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What are some examples of proper ECG lead placement?

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Quick Answer

Examples of proper ECG lead placement are available through EMTResource.com and the Eccles Health Sciences Library of the University of Utah. Both websites provide diagrams, while the former also provides information about electrode reversal and misplacement.

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Full Answer

ECG leads are placed according to two electrical planes, notes EMTResource.com. Frontal leads such as the Lead I, Lead II, Lead III, aVR, aVL and aVF leads observe the heart from a vertical plane, while the remaining transverse leads observe the heart from a horizontal plane, constructing a complete view of cardiac activity.

Leads I, II and III are bipolar limb leads, according to the Eccles Health Sciences Library of the University of Utah. Lead I is a right left or lateral lead, while leads II and II are superior inferior leads. Leads aVR, aVL and aVF are augmented unipolar limb leads to be placed in rightward, leftward and inferior positions, respectively. Leads V1, V2 and V3 are unipolar chest leads to be placed in posterior anterior positions, while leads V4, V5 and V6 must be placed in right left or lateral positions.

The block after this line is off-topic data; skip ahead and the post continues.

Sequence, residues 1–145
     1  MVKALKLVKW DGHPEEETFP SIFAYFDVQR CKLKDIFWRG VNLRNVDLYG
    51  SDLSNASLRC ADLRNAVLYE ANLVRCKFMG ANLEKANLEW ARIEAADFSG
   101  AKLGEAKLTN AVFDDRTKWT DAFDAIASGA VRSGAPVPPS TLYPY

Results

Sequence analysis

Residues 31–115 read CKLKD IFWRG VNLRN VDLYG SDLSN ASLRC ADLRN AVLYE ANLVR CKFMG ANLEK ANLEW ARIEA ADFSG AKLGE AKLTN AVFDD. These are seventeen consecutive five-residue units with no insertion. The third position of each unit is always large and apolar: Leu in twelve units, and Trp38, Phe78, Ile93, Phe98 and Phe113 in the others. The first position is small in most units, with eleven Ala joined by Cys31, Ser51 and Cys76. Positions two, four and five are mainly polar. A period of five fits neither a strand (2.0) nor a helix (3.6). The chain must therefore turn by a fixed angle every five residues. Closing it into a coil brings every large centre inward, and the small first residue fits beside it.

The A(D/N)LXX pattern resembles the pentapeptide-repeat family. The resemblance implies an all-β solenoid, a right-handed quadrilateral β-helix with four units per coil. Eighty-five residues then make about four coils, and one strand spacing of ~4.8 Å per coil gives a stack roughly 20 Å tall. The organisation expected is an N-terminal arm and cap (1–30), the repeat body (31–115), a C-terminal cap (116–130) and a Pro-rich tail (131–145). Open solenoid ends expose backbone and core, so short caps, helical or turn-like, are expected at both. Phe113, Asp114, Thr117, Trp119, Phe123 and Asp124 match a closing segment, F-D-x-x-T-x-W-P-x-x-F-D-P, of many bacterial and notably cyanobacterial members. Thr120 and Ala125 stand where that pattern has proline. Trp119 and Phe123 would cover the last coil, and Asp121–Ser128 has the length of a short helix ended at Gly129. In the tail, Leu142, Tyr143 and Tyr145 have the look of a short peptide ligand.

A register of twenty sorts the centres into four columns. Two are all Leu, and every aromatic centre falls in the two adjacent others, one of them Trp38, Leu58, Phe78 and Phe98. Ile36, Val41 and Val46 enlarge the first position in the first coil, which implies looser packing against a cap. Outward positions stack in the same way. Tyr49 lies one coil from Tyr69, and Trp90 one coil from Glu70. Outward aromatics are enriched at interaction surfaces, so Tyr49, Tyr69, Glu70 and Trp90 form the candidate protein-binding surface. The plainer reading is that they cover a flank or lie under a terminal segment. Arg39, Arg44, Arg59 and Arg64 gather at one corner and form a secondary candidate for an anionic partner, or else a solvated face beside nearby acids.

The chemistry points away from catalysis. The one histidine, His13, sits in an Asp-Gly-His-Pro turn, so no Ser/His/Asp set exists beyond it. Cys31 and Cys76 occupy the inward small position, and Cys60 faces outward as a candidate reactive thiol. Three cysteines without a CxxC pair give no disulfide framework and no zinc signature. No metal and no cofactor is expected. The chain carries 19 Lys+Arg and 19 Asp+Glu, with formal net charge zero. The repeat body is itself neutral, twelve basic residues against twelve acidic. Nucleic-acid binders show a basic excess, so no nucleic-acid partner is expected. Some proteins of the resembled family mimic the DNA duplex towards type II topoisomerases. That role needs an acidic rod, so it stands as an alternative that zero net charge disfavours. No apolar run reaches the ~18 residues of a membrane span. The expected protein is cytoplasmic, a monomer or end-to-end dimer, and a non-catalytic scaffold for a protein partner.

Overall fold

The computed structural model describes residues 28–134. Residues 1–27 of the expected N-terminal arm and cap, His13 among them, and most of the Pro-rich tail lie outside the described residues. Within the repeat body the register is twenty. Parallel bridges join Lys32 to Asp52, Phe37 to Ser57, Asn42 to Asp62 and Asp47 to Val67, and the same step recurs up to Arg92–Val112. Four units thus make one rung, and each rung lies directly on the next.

Of the 12 leads used to produce an ECG image, only 10 are electrodes, notes EMTResource.com. The nature of the technology used to produce an image of cardiac activity allows 12 different images to be produced from these 10 electrodes.

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